KAUST is located in Thuwal, 80 km north of Jeddah, 2nd largest city in Saudi Arabia. We live in a housing complex provided by KAUST. The place is facing the Red Sea on the west side (one of the reason why I enjoyed fishing here). KAUST has different code of conduct as compared to other parts of Saudi Arabia, where men and women can mingle together when attending classes or doing research; women are not required to wear veil; and so on. It's quite westernized and very international (people representing more than 80 countries live harmoniously here). English is the main language within the compound, and basic facilities are available. However, the temperature in Saudi Arabia can be extreme (45 ºC during summer, but quite mild during winter, which is 17 ºC).

Research topic and results of research at TMU

My research at TMU was about the mechanical properties of stitched composites. Composite material, which consists of many layers of fiber-resin system, is strong yet very light. It is a suitable material for aircraft structure. Boeing 787 flown by JAL has 50 per cent weight of composites (carbon/epoxy, glass/epoxy, etc). However, the problem with composite material is that its layers are easily delaminated (peeled-off) when, for instance, you drop something solid and heavy on it. One technique to overcome this delamination issue is to stitch the layers together using a very strong yarn (for example, Kevlar, Vectran, etc). The new material developed by stitching technique is simply called 'stitched composite'. This material is not easily delaminated because the stitches can hold the layers together, and reduce the damage size after you apply impact loading.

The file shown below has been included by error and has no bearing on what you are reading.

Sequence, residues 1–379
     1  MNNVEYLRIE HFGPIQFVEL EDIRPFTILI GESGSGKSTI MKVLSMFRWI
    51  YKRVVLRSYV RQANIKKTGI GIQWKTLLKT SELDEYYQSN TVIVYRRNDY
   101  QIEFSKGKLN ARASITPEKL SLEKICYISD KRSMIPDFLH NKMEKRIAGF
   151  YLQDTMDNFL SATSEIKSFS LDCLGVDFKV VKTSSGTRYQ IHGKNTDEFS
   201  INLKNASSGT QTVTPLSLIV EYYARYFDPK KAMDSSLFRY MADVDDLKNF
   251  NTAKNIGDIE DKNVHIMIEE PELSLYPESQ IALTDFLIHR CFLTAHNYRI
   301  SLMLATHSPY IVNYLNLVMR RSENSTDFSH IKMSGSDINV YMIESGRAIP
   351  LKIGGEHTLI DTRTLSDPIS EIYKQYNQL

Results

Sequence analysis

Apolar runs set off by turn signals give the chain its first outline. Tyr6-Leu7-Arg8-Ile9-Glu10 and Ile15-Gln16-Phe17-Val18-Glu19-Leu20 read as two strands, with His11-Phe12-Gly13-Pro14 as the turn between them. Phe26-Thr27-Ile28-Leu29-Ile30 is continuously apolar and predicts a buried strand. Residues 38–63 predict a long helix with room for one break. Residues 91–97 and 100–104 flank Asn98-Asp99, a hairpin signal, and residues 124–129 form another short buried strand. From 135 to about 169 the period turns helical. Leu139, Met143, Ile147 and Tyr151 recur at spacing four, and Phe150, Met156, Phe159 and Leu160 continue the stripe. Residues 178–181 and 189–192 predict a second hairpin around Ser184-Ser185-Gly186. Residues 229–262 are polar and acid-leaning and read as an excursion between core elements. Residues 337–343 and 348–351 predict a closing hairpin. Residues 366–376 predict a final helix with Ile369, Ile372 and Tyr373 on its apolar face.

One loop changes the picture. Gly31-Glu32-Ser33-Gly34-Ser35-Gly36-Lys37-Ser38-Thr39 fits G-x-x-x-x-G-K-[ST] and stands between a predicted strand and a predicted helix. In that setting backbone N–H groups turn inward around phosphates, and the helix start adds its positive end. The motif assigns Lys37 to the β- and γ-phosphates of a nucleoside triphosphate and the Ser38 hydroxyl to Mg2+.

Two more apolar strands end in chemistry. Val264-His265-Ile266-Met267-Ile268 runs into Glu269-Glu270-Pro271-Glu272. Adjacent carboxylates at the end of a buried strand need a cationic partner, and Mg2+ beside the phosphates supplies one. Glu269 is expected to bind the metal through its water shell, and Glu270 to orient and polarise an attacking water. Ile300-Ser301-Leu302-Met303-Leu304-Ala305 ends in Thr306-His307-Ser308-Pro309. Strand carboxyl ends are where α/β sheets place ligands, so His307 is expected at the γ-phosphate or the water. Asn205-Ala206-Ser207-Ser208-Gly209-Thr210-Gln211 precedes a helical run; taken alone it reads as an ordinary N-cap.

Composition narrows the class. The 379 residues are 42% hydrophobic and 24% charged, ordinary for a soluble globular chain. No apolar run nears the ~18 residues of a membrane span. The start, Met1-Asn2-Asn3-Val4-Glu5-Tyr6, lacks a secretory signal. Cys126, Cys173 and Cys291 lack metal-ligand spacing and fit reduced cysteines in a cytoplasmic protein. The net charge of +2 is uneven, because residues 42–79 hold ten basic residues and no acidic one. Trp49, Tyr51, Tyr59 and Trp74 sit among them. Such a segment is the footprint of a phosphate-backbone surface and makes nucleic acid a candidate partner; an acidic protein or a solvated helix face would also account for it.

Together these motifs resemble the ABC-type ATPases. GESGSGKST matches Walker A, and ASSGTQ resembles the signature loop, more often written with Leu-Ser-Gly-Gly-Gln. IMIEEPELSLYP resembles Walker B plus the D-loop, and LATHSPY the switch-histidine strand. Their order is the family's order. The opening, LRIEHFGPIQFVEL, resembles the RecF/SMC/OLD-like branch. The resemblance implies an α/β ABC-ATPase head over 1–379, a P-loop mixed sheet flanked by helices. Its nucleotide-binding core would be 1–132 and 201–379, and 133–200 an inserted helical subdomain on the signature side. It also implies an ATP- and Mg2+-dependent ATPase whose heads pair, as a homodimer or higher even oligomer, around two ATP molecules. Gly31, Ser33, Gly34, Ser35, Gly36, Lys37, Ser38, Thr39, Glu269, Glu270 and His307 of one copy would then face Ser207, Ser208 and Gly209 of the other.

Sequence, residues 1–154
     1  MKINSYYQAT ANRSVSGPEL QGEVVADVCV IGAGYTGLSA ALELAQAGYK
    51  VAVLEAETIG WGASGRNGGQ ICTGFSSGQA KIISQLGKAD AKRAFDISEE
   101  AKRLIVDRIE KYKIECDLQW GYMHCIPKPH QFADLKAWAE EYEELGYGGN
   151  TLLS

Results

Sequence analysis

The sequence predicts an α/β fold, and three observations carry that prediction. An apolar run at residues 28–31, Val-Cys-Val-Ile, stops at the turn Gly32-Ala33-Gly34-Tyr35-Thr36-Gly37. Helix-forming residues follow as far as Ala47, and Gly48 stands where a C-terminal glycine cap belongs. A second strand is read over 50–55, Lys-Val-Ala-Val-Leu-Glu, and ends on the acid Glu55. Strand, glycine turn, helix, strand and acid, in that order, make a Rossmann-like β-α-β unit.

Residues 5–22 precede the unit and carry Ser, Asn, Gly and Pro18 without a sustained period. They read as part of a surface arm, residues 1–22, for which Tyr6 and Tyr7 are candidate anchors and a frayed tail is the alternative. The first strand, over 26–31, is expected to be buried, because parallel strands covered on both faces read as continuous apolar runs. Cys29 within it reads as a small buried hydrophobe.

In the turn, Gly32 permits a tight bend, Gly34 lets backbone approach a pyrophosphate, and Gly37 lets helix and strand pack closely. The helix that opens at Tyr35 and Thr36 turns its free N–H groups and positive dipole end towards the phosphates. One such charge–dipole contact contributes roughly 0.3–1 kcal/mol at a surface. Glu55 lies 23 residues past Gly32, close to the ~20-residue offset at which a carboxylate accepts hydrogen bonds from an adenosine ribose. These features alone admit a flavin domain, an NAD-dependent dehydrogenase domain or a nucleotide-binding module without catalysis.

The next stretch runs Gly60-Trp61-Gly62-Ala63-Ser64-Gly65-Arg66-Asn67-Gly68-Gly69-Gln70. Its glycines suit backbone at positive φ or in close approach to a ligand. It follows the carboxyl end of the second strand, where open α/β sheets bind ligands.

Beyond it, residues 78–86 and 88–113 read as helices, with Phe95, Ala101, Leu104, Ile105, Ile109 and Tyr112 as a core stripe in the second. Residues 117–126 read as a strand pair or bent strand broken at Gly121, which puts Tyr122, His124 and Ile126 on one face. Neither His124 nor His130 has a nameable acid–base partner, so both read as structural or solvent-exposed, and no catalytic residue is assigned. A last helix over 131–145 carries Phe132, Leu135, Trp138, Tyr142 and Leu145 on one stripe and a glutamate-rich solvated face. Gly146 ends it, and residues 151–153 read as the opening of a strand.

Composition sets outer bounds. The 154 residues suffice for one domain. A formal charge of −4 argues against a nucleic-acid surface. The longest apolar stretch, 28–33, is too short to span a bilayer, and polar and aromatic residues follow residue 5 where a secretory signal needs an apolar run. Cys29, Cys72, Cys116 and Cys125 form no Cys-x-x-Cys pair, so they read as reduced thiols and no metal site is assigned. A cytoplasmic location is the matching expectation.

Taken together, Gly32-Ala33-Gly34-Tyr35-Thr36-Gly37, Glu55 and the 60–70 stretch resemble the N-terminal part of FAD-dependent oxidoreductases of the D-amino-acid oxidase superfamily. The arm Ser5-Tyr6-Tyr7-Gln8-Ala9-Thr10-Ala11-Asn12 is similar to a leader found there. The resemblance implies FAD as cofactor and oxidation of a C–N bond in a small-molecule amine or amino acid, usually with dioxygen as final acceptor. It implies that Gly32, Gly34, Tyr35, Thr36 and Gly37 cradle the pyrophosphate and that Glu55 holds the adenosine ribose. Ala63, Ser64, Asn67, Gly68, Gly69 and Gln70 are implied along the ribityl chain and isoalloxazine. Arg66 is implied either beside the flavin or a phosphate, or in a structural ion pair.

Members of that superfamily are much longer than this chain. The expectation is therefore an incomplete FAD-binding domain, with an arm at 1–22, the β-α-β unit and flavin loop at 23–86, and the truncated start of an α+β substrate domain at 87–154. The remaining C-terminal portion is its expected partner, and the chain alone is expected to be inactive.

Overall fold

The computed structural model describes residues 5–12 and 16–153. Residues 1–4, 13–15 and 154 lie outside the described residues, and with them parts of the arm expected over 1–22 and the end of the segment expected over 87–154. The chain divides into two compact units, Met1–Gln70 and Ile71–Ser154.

However, the internal architecture of composite is usually 'disturbed' by the presence of stitches. Fibers become wavy, while many parts of stitched composites contain too much resin. I was studying the effect of stitching parameters (stitch density, stitch diameter – two important parameters in stitching process) on the tensile, compression, and fatigue behavior of stitched composites. Tensile, compression and fatigue are common loading undergone by aircraft structures. I was particularly interested to find out the mechanism of damage growth in stitched composites due to various mechanical loadings.